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Scareware threat continues to rise, with security experts attempting to do everything they can to limit the damage

Security company Symantec disclosed that online criminals are cashing in by scaring PC users into downloading exploited anti-virus software.

In the past 12 months, more than 40 million people across the world have been tricked into installing 'scareware' software.  Specifically, criminals trick PC users into downloading a piece of software -- anti-virus and anti-spyware are two popular program types -- that are malicious pieces of software so they are able to acquire credit card information and other sensitive information.

In addition, some criminals create pop-up alerts telling PC users they face a serious risk, then offer fake anti-virus software that can be used to clean up the computer.  The catch?  The software costs money, and users still end up being compromised by the fake software.

"Obviously, you're losing your own hard-earned cash up front, but at the back end of that, if you're transacting with these guys online you're offering them credit card details, debit card details and other personal information," Symantec employee Con Mallon told BBC.  

The 43 million were victims of the scareware threat from July 2008 to June 2009, when researchers began collecting information.

The overall threat of identity theft and bank fraud continues to increase as criminals use more sophisticated techniques to compromise PC users.  Furthermore, even more people around the world are now using the Internet to view bank information, pay bills, and shop online.

Cracking down on criminal enterprises tends to be extremely difficult, with many organized hacker groups operating in Eastern Europe, China, North Korea, and other locations in which it is difficult to identify suspects.



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RE: Millions of PC Users Tricked by Scareware
By PhoenixKnight on 10/20/2009 2:29:01 PM , Rating: 2
I have been to completely legit sites, including Anandtech among others, with infected banner ads that have been caught by AVG. In fact, most of the viruses I've come across were from ads legit sites. Admittedly, though, in the rare instances where I did visit "red light districts", I was getting warning after warning from AVG.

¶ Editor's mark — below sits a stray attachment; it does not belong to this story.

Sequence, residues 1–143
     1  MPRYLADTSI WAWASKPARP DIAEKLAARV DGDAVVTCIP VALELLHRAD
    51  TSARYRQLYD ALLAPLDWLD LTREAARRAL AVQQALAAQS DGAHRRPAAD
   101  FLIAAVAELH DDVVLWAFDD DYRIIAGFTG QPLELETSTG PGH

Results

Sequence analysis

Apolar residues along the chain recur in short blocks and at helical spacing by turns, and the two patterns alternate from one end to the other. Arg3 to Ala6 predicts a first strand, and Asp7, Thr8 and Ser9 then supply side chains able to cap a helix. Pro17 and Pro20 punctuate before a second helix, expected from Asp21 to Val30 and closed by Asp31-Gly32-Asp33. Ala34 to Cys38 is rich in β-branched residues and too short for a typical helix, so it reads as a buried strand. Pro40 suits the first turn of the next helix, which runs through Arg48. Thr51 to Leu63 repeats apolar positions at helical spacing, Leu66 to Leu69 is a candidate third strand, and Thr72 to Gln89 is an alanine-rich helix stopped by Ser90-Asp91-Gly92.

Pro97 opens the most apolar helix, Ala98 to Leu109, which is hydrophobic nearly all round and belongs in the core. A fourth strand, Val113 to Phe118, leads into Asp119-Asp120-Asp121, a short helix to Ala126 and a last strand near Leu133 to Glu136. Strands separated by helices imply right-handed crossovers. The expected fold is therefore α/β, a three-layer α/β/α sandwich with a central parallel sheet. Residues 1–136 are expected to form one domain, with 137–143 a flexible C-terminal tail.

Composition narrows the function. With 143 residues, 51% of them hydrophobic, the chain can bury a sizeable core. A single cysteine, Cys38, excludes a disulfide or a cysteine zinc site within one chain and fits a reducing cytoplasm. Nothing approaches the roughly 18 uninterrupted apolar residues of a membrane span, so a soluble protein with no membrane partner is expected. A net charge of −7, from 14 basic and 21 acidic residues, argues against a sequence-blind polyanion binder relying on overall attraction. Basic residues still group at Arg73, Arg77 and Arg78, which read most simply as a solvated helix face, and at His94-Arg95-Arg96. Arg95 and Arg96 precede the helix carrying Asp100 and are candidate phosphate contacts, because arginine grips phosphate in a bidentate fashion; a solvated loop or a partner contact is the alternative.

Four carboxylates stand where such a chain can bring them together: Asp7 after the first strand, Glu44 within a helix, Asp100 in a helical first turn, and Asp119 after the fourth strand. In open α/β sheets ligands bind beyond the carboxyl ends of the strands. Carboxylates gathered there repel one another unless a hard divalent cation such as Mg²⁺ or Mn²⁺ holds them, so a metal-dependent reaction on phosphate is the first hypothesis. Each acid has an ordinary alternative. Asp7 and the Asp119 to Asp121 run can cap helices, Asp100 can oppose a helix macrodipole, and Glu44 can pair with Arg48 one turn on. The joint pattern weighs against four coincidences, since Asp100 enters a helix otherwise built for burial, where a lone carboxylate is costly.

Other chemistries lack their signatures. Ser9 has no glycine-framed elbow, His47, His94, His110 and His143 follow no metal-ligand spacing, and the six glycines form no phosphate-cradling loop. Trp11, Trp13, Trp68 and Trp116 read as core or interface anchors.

AVG is useful for catching anything that slips through, but, strangely enough, the thing I've found to be most effective at preventing infections is actually Adblock Plus. Simply installing Adblock on computers that get constantly infected brought the number of infections to virtually zero.

I have switched over primarily to Linux for the past year-and-a-half, so between careful web browsing and an OS that's unaffected by almost all malware out there, I don't worry about malware at all anymore. I use Windows 7 for gaming, but little else, so I haven't even bothered to install an antivirus at all.


By enlil242 on 10/20/2009 2:40:45 PM , Rating: 2
Tracking cookies from affiliate links will often generate alerts from some AV solutions. Doesn't mean they are bad, but more of a "here's what just happened" message. Although they are a source of revenue on most blog sites, I rarely click on banner ads...

Like I said in another post, to each their own. I find that WinPatrol and being mindful of what I am doing is enough for me. Plus I ALWAYS have a full backup image of my C drive... "just in case."


"We are going to continue to work with them to make sure they understand the reality of the Internet.  A lot of these people don't have Ph.Ds, and they don't have a degree in computer science." -- RIM co-CEO Michael Lazaridis











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